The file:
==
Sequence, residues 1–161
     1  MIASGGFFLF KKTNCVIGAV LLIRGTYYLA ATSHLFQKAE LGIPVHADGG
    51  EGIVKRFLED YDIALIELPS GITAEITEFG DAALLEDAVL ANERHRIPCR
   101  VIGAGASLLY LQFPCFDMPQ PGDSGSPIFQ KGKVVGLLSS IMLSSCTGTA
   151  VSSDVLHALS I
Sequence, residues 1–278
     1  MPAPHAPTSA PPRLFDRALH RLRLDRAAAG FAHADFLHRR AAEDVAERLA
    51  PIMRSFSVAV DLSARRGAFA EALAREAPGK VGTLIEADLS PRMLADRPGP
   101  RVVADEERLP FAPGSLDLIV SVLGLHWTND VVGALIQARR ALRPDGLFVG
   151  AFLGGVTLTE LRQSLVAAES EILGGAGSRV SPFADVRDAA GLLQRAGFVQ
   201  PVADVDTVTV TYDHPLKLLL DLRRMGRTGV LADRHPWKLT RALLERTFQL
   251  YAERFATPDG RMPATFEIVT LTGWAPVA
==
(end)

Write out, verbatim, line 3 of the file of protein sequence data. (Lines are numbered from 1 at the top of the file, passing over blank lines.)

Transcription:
    51  EGIVKRFLED YDIALIELPS GITAEITEFG DAALLEDAVL ANERHRIPCR